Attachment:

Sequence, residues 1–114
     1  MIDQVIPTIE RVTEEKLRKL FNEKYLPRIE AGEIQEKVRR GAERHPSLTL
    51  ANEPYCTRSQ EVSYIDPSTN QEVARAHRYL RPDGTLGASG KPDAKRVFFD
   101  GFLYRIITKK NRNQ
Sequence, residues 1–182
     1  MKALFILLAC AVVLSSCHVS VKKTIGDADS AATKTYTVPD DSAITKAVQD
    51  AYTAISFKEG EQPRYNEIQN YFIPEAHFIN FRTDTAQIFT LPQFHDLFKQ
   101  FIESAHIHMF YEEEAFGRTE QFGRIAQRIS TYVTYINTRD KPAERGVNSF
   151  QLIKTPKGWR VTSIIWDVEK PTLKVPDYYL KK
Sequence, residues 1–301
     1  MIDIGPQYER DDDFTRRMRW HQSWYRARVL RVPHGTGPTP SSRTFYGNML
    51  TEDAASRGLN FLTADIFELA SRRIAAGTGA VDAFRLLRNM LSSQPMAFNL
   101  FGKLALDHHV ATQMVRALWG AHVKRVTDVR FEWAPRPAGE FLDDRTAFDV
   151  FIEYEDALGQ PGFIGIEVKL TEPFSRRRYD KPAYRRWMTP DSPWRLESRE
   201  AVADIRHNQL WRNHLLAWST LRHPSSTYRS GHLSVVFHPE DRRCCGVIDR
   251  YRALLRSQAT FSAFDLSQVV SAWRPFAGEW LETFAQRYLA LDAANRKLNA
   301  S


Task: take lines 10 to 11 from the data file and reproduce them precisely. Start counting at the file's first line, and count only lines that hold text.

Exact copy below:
Sequence, residues 1–301
     1  MIDIGPQYER DDDFTRRMRW HQSWYRARVL RVPHGTGPTP SSRTFYGNML